Thomas Jefferson (1743-1826) is considered one of the most important Founding Fathers of the United States of America for the central role he played in drafting the Declaration of Independence. During the American Revolution, Jefferson was elected governor of Virginia and, after the war, he was appointed minister to France. He also served as the nation's first secretary of state, its second vice president, and its third president.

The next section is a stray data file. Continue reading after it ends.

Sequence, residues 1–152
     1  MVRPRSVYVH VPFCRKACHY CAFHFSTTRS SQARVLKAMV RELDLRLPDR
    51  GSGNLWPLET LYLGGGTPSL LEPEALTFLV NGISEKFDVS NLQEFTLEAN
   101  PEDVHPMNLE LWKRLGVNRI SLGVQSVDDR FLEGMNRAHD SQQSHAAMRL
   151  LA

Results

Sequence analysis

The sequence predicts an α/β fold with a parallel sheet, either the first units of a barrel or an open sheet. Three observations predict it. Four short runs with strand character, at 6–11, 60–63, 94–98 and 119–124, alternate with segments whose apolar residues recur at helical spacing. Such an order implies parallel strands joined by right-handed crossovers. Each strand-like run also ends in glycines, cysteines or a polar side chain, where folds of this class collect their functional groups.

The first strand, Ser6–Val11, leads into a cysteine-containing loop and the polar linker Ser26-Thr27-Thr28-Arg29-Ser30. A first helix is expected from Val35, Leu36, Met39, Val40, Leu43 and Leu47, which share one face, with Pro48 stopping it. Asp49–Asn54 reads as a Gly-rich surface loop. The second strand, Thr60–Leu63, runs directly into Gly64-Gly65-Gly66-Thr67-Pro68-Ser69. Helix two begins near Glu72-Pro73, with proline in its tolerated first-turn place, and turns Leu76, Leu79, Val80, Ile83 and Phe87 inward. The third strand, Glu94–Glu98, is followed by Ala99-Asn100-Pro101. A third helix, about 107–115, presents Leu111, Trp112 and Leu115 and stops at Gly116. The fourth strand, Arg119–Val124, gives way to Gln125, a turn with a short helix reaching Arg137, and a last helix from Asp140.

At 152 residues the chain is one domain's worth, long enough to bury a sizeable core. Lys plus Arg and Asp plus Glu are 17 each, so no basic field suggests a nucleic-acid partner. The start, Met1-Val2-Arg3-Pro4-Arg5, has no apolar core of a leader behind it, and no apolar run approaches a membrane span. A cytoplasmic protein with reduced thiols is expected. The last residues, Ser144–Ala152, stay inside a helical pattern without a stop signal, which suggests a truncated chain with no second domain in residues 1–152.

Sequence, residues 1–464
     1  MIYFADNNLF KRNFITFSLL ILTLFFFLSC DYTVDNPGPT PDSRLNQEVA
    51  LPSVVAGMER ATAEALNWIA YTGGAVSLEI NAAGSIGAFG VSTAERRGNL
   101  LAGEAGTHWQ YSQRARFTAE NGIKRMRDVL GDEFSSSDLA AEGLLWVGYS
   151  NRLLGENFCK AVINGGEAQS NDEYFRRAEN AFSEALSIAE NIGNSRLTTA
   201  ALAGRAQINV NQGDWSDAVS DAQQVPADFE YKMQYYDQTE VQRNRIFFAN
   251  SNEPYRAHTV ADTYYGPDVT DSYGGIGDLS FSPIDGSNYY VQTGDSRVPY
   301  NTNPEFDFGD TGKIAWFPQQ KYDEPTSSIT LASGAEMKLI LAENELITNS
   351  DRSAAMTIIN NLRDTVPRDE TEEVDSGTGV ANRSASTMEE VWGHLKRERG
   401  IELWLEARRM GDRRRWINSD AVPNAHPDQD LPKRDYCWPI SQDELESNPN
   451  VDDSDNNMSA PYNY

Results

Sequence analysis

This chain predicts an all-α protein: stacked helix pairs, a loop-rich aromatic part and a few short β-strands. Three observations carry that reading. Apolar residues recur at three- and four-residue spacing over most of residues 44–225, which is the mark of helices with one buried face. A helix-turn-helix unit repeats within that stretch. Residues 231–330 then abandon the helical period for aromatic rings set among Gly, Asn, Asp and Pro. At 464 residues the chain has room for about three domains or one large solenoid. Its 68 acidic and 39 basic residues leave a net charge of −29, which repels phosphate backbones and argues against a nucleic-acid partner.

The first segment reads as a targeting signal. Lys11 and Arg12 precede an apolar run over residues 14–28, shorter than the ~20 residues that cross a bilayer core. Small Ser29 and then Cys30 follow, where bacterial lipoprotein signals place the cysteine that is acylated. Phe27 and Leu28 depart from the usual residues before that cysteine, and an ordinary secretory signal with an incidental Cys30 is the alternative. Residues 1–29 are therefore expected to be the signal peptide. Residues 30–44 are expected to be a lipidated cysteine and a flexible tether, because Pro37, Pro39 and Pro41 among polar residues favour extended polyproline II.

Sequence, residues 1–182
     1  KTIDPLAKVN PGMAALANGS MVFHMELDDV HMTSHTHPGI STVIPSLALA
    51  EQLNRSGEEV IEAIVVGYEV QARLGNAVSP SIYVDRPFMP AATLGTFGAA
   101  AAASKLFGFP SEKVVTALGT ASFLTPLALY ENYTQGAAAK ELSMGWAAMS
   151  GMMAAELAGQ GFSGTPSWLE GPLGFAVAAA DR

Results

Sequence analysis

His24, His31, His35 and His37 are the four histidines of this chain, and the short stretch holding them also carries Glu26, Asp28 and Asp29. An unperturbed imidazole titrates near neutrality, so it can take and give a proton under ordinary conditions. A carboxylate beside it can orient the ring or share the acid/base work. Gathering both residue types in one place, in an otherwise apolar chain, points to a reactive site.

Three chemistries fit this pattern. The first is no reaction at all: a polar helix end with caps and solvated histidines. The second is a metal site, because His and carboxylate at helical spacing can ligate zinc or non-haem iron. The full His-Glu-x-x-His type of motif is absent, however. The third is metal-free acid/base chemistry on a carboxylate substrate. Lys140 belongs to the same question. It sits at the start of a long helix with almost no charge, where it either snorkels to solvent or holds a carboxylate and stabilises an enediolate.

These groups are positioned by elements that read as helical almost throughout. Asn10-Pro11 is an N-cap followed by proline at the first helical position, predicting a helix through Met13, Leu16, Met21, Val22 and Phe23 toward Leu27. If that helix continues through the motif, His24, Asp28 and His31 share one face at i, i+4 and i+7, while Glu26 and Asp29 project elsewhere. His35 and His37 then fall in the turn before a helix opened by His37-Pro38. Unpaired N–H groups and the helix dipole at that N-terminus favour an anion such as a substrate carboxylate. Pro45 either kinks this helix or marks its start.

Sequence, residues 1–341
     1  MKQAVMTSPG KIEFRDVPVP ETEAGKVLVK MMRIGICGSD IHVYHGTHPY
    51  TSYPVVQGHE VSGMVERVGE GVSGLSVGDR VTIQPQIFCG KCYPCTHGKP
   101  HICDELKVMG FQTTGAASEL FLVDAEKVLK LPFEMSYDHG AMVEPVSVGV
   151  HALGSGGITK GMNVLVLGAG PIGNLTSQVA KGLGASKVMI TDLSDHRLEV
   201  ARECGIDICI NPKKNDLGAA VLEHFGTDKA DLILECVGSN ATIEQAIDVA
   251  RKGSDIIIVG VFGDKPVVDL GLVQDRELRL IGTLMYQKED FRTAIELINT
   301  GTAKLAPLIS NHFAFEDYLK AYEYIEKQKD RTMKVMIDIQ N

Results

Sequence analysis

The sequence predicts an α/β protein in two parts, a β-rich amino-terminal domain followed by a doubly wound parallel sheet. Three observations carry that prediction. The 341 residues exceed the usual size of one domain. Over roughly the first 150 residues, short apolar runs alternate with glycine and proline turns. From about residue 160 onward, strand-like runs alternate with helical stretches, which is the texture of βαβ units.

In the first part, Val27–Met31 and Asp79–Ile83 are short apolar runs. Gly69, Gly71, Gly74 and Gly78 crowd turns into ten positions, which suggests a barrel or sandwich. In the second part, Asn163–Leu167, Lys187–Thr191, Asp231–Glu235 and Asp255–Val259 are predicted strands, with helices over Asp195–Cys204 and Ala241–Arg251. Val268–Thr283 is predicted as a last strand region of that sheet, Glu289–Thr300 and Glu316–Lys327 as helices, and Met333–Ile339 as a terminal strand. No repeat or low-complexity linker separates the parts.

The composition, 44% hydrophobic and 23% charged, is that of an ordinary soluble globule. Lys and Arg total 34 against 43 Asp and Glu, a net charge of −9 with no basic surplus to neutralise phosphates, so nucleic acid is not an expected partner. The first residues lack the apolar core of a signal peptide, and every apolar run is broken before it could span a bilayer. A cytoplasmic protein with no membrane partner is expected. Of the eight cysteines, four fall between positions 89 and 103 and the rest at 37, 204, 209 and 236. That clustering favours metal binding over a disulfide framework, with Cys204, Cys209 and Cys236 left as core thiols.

As chairman of the committee to draft the Declaration, Jefferson wrote the historic document in solitude. Several of his phrasings drew from the recently drafted Declaration of Rights in the Virginia constitution, composed by Jefferson's fellow planter George Mason. Jefferson was also strongly influenced by English philosopher John Locke, who argued that humans were born in a state of nature and enjoyed certain natural (Jefferson would call them "inalienable") rights that no government could take away from them. The Declaration announced a break with the English Empire, voicing the frustrations and aspirations of four-fifths of the American population while formally disavowing a long-held allegiance to the British government. It listed American grievances not against the Parliament or government ministers, but against the king, the embodiment of the British state. Besides omitting Jefferson's criticisms of the British people and his blaming of King George III for the Atlantic slave trade, the Continental Congress also added two references to God. A deist, Jefferson authored the pivotal Virginia Statute of Religious Freedom in early 1786 and considered religion a private matter in which the public had no to right to intervene.